But, all in all — I feel good about the run. It was tough to mentally get into it, but I eventually got into it. I didn’t let the rain mentally destroy me and I forged through it for a rewarding 13 miles.

A good way to go into my race next weekend. I’m looking forward to a solid week of running and workouts now that I have my back in a place where I want/need it. And, I feel confident breaking through with a solid sub-three during the race.

And, at least I know I’ll be running Emigration Canyon next week. No plan B — and no burrito.


Weekly Review

It was another tough week for me. I got in some miles during the week, but I wouldn’t call them good or what I planned on — but I still got about 17 miles in and I am good with that right now. My SI joint flared up again and made walking just painful for a few days. I’ve been doing a lot of stretching to avoid the flare ups, but when it happens — it happens.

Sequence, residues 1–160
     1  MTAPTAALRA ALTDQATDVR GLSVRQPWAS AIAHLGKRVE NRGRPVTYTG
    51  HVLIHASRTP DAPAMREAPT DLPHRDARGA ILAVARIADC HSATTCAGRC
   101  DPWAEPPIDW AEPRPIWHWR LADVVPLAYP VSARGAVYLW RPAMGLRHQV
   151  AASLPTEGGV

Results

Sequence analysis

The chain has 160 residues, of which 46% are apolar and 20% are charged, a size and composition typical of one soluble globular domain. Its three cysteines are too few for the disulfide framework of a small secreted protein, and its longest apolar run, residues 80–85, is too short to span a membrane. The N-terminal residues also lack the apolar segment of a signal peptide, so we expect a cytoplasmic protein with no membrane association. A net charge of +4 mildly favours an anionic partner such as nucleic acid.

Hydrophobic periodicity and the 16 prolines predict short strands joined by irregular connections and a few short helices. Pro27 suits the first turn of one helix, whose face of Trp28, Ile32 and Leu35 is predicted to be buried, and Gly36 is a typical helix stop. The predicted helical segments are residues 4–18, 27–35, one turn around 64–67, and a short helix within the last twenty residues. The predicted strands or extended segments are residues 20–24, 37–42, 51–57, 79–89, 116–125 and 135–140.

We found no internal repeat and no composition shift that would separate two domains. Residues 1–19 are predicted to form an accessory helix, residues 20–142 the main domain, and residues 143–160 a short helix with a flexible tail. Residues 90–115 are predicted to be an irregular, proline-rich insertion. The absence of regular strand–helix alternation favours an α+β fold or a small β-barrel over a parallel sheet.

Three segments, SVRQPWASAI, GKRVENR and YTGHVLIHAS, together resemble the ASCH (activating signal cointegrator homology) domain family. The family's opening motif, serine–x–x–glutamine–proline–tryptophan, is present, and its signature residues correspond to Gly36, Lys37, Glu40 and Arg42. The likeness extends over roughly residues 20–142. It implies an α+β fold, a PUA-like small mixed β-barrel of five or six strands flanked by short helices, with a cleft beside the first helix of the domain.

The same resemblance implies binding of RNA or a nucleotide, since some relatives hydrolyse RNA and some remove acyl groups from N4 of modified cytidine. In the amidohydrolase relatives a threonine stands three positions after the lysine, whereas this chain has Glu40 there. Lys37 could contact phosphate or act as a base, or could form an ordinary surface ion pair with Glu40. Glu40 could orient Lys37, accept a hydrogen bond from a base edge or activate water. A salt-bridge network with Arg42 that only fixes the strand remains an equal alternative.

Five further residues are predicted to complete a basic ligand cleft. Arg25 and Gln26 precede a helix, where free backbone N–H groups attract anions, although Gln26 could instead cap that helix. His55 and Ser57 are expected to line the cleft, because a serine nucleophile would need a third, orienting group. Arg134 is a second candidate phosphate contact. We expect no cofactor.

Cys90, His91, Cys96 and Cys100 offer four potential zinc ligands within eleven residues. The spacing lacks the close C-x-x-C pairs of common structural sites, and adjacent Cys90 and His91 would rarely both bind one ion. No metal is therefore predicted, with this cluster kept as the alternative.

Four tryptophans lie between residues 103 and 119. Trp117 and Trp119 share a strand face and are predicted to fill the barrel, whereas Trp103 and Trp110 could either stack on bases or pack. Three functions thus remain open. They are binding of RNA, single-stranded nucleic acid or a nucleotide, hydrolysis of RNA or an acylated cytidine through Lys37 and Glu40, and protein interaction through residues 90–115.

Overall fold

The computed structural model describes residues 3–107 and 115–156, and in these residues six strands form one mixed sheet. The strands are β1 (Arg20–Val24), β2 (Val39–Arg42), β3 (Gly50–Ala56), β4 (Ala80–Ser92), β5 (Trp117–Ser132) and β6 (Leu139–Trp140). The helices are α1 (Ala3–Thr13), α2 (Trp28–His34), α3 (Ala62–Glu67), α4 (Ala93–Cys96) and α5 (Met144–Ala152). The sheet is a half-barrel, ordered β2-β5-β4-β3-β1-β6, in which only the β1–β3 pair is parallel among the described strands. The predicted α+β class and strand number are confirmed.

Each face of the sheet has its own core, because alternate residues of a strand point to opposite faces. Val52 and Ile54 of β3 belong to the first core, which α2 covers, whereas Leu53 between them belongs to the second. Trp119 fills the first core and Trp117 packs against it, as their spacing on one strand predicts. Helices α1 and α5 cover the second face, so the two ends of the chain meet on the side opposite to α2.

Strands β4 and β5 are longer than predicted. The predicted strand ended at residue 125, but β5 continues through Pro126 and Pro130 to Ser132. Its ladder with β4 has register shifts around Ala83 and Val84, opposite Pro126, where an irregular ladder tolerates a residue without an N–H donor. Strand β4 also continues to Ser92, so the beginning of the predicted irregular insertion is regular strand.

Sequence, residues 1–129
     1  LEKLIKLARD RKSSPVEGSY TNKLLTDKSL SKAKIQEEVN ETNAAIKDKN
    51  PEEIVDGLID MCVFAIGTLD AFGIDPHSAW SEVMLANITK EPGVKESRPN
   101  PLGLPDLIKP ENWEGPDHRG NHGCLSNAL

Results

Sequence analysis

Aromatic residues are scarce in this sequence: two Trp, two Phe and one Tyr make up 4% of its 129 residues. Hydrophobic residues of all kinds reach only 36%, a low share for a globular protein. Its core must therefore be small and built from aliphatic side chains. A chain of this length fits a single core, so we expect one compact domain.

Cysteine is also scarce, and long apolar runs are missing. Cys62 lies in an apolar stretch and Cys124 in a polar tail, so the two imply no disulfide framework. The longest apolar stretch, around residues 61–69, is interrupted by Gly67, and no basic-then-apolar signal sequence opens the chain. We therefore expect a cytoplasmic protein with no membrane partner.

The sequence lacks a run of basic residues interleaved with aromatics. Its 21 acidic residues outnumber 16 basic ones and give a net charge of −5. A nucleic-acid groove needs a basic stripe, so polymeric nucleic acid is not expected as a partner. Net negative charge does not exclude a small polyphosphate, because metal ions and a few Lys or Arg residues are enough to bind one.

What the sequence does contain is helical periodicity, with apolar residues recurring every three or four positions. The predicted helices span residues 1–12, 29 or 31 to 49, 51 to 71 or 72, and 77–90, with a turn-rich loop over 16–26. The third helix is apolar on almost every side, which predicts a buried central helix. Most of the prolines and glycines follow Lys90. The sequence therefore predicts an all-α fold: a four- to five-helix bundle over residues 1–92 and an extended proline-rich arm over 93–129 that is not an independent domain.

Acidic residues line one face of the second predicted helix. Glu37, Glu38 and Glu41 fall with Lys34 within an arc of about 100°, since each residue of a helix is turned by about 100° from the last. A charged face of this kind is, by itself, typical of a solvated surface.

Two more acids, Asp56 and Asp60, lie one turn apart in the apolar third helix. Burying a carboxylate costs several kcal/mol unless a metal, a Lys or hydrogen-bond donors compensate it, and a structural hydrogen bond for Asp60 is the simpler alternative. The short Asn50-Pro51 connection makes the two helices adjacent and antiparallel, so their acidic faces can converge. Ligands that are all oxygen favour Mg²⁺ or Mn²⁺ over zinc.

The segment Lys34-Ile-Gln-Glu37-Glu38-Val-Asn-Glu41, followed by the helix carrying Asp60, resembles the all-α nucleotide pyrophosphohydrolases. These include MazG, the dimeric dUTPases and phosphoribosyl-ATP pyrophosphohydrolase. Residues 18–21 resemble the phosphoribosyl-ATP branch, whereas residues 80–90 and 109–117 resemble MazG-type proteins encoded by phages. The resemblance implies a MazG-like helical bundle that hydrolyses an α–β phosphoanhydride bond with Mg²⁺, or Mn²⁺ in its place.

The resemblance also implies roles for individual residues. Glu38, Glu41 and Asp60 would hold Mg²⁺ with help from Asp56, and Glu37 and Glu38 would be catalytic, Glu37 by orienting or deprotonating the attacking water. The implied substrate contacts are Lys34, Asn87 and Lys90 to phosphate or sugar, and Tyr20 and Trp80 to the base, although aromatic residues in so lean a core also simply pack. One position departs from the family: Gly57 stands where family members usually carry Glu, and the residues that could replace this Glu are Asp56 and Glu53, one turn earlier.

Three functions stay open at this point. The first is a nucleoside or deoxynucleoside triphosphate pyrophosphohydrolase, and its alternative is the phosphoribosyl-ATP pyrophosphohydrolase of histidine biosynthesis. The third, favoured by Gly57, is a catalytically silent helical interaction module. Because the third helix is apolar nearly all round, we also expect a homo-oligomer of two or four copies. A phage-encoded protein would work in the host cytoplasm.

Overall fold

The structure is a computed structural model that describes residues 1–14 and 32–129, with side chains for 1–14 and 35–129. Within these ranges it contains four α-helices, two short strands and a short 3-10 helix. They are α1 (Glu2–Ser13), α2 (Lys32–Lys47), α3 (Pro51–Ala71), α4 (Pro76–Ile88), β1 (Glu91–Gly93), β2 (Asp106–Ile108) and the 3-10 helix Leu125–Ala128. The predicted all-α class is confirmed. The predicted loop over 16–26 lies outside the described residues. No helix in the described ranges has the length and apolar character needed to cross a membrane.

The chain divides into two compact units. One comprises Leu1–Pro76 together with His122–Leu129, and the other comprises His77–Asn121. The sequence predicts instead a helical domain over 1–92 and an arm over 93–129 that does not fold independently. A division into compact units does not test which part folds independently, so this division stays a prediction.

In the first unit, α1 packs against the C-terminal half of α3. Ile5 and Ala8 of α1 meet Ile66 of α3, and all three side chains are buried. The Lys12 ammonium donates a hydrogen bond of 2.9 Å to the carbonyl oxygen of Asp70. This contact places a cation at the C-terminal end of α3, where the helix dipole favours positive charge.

I really should get into a chiropractor, but I won’t lie — I’m a bit too cheap for that. It’s usually my last resort. So, I did the next best thing and found some tutorials on YouTube on how to align your SI joint by yourself. And, you know what — it works! I haven’t had any stiffness the past couple of days. Truly magical.

Anyways — I want to go into next week’s race feeling prepared with a few strong runs in me next week. I feel that’s possible and I am ready for them. I want to gain some speed back. I just need to be a patient young grasshopper.

Weekly Miles

Running Miles — 17.6 miles
Race Miles — 0.0 miles
Walking Miles — 22.34 miles
TOTAL MILES — 39.94 miles
Race(s) this week — None.

March 2017 Miles

Running Miles — 38.1 miles
Race Miles — 26.2 miles
Walking Miles — 89.05 miles
TOTAL MILES — 153.35 miles
Races in March — March Madness Half and Lucky 13 Half Marathon.

2017 Miles

Running Miles — 174.75 miles
Race Miles — 96.12 miles
Walking Miles — 303.99 miles
TOTAL MILES — 574.86 miles